Tag Archives: carol starkey

A Wrinkle in Time


I’ve loved science fiction for as long as I can remember. From Flight of the Navigator to E. T. to Aliens, to the countless novels and short-story collections, to TV shows like Star Trek and Quantum Leap, sci-fi has surrounded me pretty much since birth. Continue reading


The Turn of the Screw


 Halloween is right around the corner, meaning it’s time for costumes, candy, and scary stories. Some stations play movies like Children of the Corn and Friday the 13th leading up to the holiday. Libraries will display frightening books. And children will be extra jumpy as they anticipate jump scares. Continue reading

The Power of a Pen: Sara Joseph Hale


Quick, picture someone who’s powerful. Do you have the person in your mind? Is he tall? Does he have lots of muscles or great charisma? Your imagined person may be strong indeed, but I know of someone who, though not flashy, tall, or muscled, was very powerful. Her name was Sarah Josepha Hale, and though she was born over 200 years ago, many of her life’s contributions we still feel today. Continue reading

Movie Review: Blazing Saddles


Mel Brooks is hilarious, right? Robin Hood: Men in Tights. Dracula: Dead and Loving It. Spaceballs. Young Frankenstein. Brooks produced all of those movies, and they never fail to crack me up. True, some of the humor is juvenile, but they’re movies I quote and I know if I need a laugh, they’ll do the job. Many reviewers hold Blazing Saddles in high esteem, but I thought a lot of the humor fell flat.

The movie is a spoof on stereotypical westerns and was revolutionary for its time. A black man becomes the sheriff, and must win over the town he resides in before they lynch him. He and this town are all that stand in the way of the railroad expansion, but it feels like Brooks is trying too hard to be funny. He mocks cowboys and their gassy diet; he makes fun of the burlesque lifestyle; he ridicules the rich owner of the railroad, but I didn’t laugh once and only smiled once or twice.

One thing that bothered me was the constant use of the n-word, though the script used it more to point out inherent racism than as an actual insult. Even Cleavon Little, the actor who played the black sheriff, had no problem with using it and reassured one of his fellow white actors it was all right to use that term. Brooks himself has acknowledged he remade the film today, he couldn’t use that word.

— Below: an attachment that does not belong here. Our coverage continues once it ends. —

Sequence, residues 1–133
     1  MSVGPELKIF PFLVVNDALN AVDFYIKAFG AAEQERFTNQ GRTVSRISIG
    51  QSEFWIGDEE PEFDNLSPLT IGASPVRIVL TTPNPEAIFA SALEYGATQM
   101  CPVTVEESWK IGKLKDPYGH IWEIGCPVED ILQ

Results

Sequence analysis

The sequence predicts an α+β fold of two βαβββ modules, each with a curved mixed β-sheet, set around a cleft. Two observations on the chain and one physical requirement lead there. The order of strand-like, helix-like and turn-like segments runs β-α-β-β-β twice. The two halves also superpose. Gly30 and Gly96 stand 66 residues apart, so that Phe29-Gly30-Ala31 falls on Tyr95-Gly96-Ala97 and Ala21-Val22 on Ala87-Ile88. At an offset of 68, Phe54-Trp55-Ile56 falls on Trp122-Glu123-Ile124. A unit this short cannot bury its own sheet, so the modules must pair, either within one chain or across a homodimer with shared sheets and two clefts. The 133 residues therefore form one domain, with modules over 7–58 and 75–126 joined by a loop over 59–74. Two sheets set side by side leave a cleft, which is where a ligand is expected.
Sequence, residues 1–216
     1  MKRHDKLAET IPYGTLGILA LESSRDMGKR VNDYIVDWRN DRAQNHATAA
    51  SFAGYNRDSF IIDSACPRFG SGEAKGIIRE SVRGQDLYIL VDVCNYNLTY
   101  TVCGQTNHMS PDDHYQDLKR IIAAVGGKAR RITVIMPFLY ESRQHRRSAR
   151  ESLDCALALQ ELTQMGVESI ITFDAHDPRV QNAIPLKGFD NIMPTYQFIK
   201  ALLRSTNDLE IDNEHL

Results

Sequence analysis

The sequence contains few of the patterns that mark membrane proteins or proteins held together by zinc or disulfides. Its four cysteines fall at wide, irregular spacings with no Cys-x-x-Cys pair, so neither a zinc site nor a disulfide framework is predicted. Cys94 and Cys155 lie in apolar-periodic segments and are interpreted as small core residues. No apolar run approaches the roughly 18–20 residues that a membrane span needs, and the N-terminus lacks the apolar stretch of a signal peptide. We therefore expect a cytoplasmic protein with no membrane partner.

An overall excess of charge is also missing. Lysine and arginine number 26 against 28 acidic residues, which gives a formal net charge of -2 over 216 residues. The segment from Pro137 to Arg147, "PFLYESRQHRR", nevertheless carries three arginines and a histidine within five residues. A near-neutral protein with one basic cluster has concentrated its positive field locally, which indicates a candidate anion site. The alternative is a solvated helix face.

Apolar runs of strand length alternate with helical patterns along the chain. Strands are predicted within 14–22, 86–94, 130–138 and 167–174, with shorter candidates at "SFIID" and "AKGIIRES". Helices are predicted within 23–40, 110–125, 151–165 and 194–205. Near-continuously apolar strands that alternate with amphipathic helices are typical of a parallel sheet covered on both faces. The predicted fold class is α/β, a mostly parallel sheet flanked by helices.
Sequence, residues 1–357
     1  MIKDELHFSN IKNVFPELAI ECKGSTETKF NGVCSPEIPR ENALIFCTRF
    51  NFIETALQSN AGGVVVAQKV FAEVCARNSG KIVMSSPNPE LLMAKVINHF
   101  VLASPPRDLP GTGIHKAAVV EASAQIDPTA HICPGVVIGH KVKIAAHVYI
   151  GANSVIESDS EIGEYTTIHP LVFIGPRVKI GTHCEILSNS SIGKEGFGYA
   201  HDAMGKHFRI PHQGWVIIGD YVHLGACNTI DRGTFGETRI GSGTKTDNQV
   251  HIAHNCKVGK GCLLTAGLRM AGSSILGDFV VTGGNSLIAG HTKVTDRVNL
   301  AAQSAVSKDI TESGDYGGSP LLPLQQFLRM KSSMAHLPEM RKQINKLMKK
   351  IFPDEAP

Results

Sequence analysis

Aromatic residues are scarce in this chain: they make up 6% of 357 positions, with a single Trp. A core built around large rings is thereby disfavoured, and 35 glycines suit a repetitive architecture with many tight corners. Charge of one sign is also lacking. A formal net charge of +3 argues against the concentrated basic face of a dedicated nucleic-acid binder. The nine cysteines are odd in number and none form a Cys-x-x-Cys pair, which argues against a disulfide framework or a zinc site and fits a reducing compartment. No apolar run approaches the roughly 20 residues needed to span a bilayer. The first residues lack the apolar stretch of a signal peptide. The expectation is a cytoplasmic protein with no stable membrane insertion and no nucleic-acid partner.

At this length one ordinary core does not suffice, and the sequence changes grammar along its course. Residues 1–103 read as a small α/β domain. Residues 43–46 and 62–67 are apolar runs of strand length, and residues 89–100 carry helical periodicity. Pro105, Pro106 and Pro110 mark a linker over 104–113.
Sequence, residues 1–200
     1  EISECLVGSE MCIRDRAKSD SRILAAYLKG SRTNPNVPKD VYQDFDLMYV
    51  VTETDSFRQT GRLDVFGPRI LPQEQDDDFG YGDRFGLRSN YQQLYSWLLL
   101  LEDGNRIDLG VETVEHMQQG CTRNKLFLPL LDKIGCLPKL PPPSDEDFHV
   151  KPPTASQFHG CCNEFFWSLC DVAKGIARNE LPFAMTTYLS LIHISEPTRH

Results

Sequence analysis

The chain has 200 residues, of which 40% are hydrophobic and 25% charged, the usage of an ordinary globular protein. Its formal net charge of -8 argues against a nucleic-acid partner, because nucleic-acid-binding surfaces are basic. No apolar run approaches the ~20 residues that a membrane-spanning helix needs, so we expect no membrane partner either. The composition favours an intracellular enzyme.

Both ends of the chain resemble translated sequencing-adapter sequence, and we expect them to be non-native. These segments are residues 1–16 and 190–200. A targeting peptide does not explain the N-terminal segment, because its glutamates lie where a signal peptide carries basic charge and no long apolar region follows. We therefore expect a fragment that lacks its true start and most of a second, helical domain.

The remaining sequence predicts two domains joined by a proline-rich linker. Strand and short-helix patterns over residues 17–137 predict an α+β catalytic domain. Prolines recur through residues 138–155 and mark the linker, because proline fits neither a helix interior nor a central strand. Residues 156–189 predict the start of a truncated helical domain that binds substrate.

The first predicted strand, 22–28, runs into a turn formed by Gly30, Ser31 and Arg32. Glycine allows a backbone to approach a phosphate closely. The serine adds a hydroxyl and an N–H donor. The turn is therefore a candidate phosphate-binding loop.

Not that the entire movie is terrible, but I think part of the movie’s charm is gone because all the jokes in this movie are ones everyone knows, though some of them were new at the time. Until Blazing Saddles, there had never been a farting cowboy in a movie, so when the ring of cowboys pass gas and belch, audiences must have found it hilarious. 40 years later, it’s not new or hilarious. The cowboy who’s an ace shot even when he’s drunk isn’t original, and Brooks’s breaking of the fourth wall, while amusing, isn’t bust-a-gut hilarious.

The acting pulls this movie down. Gene Wilder lacks his normal charisma, giving a pale performance of the drunk cowboy who never misses his target. Mel Brooks often plays a small part in his movies and Blazing Saddles is no different. Here, he lacks his usual humor. Instead, he’s raunchy and almost a caricature of himself. Even Dom DeLuise has a lackluster performance. If the actors had given a little more life to their roles, this movie may have stood the test of time better, or at least stood on the merits of its actors. Instead, the one shining star is Madeline Kahn. She delivers as the seductress who falls in love with the man she was hired to con and later pulls no punches with her scandalous song in front of a crowd of men.

If you have an hour and a half to kill, I don’t recommend Blazing Saddles. Try one of Mel Brooks’s other movies, or if you’re in the mood for a funny western, give City Slickers a try.


ABOUT THE AUTHOR: Carol Starkley lives in New England with her husband, three daughters, and numerous pets. She likes to read, write, bake, and dabble with the clarinet. She also infrequently blogs.

Inside the Glass Mountain


In Arabian culture, family carries great importance. As Margaret Nydell writes in Understanding Arabs: A Guide for Modern Times, “family loyalty and obligations take precedence over loyalty to friends or demands of a job.” This familial loyalty leads to overprotection of their women, and reverence of mothers. Arabians value courtesy and politeness as a culture, which leads to the setup of the set of tales in Jean Russell Larson’s The Glass Mountain, and Other Arabian Tales. Continue reading

LOST: A Father’s Love


While not a main character, Michael Dawson from ABC’s Lost was a complex man, not easily described or put in a box. When Michael and his girlfriend Susan discover they’re going to have a baby, they’re overjoyed. Michael puts his career on hold, working construction to support Susan and little Walt. Over the following months, Michael and Susan drift apart, and Susan takes a job in Amsterdam, taking Walt with her against Michael’s wishes. While overseas, she marries her boss and coerces Michael into giving up custody of his son. Continue reading

Trixie Belden



I first read The Secret of the Mansion at eleven or twelve. My mom owned the Trixie Belden books from when she was a teenager, and they looked interesting. She had the first ten books and I flew through them. Later, a teacher had the rest of the series and I devoured them. I never reread the entire series, but I reread the ten at home many times. Continue reading

West Side Story: The Updated Romeo and Juliet



Leonard Berstein took Shakespeare’s Romeo and Juliet and made it applicable to more modern audiences. While no one would say Romeo and Juliet is irrelevant, Bernsteins’s story takes on a life of its own. With numerous musical numbers and strong actors, West Side Story is a musical not soon forgotten. Continue reading